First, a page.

Raw thoughts from Alex Dong

Standing ovation model and its application on user acquisition

The Standing Ovation Problem is a social science model that is extremely simple yet “provides a rich domain to explore the world”. Here is how a SOP is defined:

A brilliant economics lecture ends and the audience begins to applaud. The applause builds and tentatively, a few audience members may or may not decide to stand. Does a standing ovation ensue or does the enthusiasm fizzle?

You can watch Scott explains the theory in this 18-minutes video but here is the gist of the theory. The following 6 factors have a strong impact on whether a standing ovation happens or not.

  1. Higher quality
  2. Lower Threshold: how easy the audiences are to be satisfied.
  3. Larger Peer Effects: how likely the audiences are influenced by each other.
  4. More variation
  5. Use celebrities
  6. Big groups.

The first three are self explainable and in most cases out of our control. What’s more fascinating are 4-6. Let’s dive into each one a bit more.

First, more variation. Let’s say there are two groups. Each group has 6 people. Here is the number of other people who has to stand up before one stand up: (1, 1, 1, 2, 2, 2). This basically says that for three people in the group, if they see one person stand up, they will stand up. The other three needs two people. Say we have a second group like this (0, 1, 2, 3, 4, 5). 0 means the person will stand up no matter how others behave and 5 means that dude is really reluctant to change his body position unless almost everyone is doing it. Which one of these two groups will be more likely to pull a standing ovation? Yes, the second one even though it has a difficulty score of 2.5 whereas the first group has only 1.5.

The difference? The second group has a more varied group so that a cascading effect can happen; also it has the 0 movement guy. Without any of these two factors, getting the second group to all stand up would be hard.

Second, use celebrities. The model uses celebrities to describe the people sitting at the front rows. They are not necessarily celebrities per se but they share the same traits which is they can’t see other people’s behavior yet everyone else can see theirs. This gives them the power as ‘magnifiers’. 1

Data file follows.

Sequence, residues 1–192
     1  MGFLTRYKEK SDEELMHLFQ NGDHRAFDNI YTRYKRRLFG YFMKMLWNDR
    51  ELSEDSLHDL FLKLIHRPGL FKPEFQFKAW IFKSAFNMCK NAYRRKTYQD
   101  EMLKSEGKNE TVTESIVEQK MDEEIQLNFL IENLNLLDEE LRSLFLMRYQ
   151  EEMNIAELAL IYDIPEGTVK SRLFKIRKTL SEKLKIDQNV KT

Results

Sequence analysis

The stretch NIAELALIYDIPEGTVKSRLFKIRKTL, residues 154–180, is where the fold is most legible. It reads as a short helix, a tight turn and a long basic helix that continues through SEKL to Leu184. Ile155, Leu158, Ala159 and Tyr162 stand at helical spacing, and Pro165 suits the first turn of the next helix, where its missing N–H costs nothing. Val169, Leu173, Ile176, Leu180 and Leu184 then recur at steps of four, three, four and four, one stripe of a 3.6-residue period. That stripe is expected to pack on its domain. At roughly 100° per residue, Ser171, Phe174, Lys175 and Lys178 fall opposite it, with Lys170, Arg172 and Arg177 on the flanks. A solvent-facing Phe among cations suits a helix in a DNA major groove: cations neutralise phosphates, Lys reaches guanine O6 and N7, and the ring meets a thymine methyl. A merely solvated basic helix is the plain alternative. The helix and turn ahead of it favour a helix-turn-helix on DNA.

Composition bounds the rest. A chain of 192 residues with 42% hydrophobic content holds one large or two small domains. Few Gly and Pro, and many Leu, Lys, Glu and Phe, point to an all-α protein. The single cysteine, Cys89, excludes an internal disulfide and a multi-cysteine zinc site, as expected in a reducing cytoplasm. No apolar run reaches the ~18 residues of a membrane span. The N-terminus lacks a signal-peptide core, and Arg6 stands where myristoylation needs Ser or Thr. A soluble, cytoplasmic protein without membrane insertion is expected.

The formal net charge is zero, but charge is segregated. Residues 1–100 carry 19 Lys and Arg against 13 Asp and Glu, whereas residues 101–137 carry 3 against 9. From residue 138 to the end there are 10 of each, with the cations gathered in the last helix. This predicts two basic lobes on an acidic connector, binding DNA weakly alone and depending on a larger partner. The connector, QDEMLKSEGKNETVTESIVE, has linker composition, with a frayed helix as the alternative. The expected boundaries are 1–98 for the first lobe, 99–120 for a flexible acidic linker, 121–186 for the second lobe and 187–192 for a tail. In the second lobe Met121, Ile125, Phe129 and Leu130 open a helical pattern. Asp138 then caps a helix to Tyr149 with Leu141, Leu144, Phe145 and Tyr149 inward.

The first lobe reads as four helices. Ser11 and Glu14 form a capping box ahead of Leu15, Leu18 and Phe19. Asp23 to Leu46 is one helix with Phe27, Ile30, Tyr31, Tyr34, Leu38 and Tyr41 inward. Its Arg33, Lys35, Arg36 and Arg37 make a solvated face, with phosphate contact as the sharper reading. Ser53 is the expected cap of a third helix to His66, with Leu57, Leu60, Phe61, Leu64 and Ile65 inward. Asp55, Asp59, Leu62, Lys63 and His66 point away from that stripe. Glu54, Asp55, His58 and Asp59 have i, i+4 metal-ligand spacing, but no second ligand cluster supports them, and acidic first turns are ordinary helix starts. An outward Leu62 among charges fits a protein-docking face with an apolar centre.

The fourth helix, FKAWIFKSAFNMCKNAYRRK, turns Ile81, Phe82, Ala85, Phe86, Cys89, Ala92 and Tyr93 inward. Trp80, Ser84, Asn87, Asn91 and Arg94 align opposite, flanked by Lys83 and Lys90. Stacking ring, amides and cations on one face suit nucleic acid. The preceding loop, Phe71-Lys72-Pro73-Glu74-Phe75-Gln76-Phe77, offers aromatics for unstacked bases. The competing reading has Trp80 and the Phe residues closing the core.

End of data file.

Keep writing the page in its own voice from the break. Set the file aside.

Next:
Third, big groups. If people come in groups, let’s say the wife stands up, there is a pretty high chance that the husband would get his bum up. If we have an audience like this one: {1: 0%, 2: 30%, 3: 30%, 4: 20%, 5: 10%, 6: 10%}, which is a group that’s hard to please. Having a couple to stand up would be sufficient to tip the whole audience over even if no one would stand up without two other people do it before them.

To apply this theory to user acquisition is a fun exercise. If we have a software product that makes it really easy for people to have a link blog2, basically to share interesting links in the form of a blog like DaringFireball, here is a list of things that could be done to help getting new user sign ups:

  • Besides getting onto the radar of big social news sites, finding many topic niches where people tie closely together would be important too. Say targeting niches where there is at least a forum for people to hang out.
  • Groups with larger peer effects would be the natural candidates. These are the groups where people pays lots of attention to each other and eager to jump onto the new bandwagon.
  • For each group, find out who are the celebrities and get them to use the service first. Then we can go after the other group members by leveraging the first batch of ‘celebrities’

  1. The people sit in the last role is defined as academics, which I find quite funny. The nature of the academics is that they can see everyone yet no one can see them. Which means that they have the perfect information yet zero influence.

  2. Aldo Cortesi and I are building one such a service at the moment. If you are interested to have one when we launch it, please follow us on twitter as @alexdong and @cortesi.